Squam Lakes Natural Science Center - Nearer To Nature
Facebook Twitter YouTube Blog Flicker Instagram TripAdvisor


Project OspreyTrack: Maps

Get the latest Osprey migration information via Twitter - @OspreyNH

Thanks to Movebank.org, we are now able to present data in an interactive format using the map below. Please be patient as the data points load.
Smart Phone App.: Follow all our Ospreys (and dozens of other species across the globe) on the Animal Tracker (available on iphone and Android). Download for FREE at https://www.movebank.org/node/36241

NEW network links added for each of our newly tagged birds. Follow the directions on the PDF on creating Network Links. You can create a Network Link for each on your own version of Google Earth.

Note: It can take 5-10 seconds to load the map data.

Spring 2017 Interactive Osprey Tracking Map:
Click on the individual dots/lines of each bird to see their names and date of most recent point. Zoom in to see their movements in detail. Use the calendar feature to track locations of all birds on specific dates.

Holly (brick red) Adult female tagged with her mate, Hackett, at her nest in Annapolis, MD on 3 May, 2016. 
Hackett (peach) Adult male tagged at his Annapolis, MD, nest along with his mate, Holly, on 3 May, 2016.
Staddler (white) Adult male, nests in Hampton, NH, winters along the Amazon River in Brazil. Tagged 21 May, 2015 
Wausau (light blue) Adult male, winters in Colombia and nests in Groveton in northern NH. Tagged 20 May 2015 
Belle (red) Summers in MA. Tagged on Martha's Vineyard in August 2010. She winters in southern Brazil. 
Nick (yellow) Adult male, tagged in 2013, nests on Tangier Island in Chesapeake Bay, winters in northern Colombia. 
Flow (blue) Tagged as recently fledged chick at a nest in Essex, MA,  11 August, 2014. Winters in Cuba.
Shanawdithit (green) Adult female tagged at the Virginia Waters power relay station in St. John's, Newfoundland, on 24 Aug, 2016.
Daphne (orange) Adult female tagged at a nest in the Memorial University of Newfoundland's Botanical Garden in St. John's, Newfoundland on 25 Aug 2016.

April 12, 2017
Staddler arrived safely at his nest at 3pm on Sunday (April 10). Yesterday he was seen bringing a fish to his mate on the nest. Staddler’s migration took 19 days beginning on March 22. He covered 3,890 miles (6,260 km) and averaged 205 miles per day. His updates this morning indicate that he is right back to his normal routine fishing on Lake Gardner in Amesbury, MA and around Seabrook Harbor.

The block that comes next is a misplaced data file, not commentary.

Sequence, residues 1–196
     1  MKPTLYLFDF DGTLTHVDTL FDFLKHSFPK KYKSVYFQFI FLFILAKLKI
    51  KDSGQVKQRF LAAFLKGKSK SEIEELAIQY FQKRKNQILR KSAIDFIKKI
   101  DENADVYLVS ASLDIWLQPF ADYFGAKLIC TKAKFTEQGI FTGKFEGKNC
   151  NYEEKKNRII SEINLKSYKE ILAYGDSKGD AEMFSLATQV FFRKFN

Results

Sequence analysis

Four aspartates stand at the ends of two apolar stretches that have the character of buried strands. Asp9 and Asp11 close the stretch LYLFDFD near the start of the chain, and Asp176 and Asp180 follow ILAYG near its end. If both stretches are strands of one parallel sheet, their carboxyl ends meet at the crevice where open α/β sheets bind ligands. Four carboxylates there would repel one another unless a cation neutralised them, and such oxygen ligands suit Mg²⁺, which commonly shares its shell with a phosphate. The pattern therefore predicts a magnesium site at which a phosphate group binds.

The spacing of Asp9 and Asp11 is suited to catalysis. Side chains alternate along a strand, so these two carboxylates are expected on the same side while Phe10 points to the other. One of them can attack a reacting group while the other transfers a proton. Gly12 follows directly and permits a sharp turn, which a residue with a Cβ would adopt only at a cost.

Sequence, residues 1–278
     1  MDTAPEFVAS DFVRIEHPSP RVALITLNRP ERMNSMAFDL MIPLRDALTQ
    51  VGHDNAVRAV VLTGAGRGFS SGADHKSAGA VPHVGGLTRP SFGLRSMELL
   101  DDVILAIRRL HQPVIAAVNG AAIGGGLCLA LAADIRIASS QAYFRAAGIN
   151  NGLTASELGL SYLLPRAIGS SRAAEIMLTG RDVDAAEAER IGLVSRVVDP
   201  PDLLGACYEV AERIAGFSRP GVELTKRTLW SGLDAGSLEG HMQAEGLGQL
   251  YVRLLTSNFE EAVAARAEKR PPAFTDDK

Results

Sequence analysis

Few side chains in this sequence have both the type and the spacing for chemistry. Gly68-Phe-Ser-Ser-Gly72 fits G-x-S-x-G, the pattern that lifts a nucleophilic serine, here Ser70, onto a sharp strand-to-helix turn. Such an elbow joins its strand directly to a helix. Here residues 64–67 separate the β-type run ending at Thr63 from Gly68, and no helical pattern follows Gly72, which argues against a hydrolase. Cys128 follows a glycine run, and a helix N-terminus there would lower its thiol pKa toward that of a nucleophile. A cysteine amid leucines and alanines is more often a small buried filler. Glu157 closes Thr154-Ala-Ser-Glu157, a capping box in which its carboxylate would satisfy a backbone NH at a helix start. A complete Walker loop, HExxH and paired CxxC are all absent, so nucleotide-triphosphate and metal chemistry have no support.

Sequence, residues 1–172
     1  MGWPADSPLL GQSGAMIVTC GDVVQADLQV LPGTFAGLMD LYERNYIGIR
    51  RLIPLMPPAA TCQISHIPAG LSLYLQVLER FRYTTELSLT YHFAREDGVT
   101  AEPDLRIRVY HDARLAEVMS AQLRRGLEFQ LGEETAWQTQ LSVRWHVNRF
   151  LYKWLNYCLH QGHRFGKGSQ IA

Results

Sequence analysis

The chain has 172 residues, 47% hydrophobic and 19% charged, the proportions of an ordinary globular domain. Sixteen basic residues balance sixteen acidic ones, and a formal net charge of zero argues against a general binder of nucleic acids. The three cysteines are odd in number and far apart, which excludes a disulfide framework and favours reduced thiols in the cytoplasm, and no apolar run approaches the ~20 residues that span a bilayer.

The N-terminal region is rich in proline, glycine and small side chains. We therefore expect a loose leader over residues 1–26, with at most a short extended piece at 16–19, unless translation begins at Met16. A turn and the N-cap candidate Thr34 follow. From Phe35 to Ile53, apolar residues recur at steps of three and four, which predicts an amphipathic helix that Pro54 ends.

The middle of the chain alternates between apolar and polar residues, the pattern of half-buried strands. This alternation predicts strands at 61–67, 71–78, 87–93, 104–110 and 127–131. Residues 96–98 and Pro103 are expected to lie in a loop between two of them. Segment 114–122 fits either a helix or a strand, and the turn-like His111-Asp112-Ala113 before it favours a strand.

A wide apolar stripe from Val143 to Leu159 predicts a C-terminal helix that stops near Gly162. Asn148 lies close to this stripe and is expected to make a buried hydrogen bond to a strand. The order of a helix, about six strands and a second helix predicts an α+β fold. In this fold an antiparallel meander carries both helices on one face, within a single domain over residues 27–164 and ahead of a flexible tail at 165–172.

Staddler April 12, 2017

Meanwhile, Holly has returned to her nest in Annapolis and reunited with Hackett. Belle is doing her usual routine of roaming around the southern Cape and Martha’s Vineyard, but shows no indication of hanging around a nest. Both the Newfoundland females have begun heading north. Daphne is on the Yucatan having left her Panama winter home on April 3. Shana left her Venezuela winter home on April 7 and had reached the northern coast of Venezuela on the 9th. She has likely crossed the Caribbean now. The only bird not to have started back is Massachusetts youngster Flow, who is in no hurry to leave Cuba. Here in New Hampshire, our old friend Art (who we followed in 2012 and 2013) is back at his nest in Bridgewater (we can identify him by his leg band). His old mate (who we banded in 2011) is also back. Gundersen’s old mate (who we banded in 2011) is also back at her nest in New Hampton with her new beau. Donovan’s old mate (who we banded in 2012) is also back at her nest in Tilton with her new mate.

Previous Updates

April 3, 2017
Staddler is in Florida. He has really turned on the turbos and made short work of his Caribbean crossing. He flew straight from Venezuela directly to Cuba. He left the Venezuelan coast at first light on March 31 and flew nonstop for a little over 600 miles, arriving on the southern coast of Cuba by 8am on April 1. He kept right on going and zipped through most of Cuba on April 1, finally taking a rest to roost and feed near a lake near the north coast of Cuba. He was off the next morning by 9am and by 5pm was in the Florida Keys and by 6pm was at the southern edge of the Everglades. That’s a straight line shot of 1,062 miles in three days. Meanwhile, Belle arrived home in Falmouth on the early afternoon of March 30. She is right back to her usual routine. Nick arrived home on April 1 and Hackett got home on April 2. As Hackett’s data has uploaded, it turns out that he actually wintered in Venezuela. It’s amazing that he eluded a cell tower in that area for the entire winter. Holly popped up again in southern Florida on March 31, and is making her way steadily north. Her mate Hackett will have the nest all nicely spruced up by the time she gets home later this week.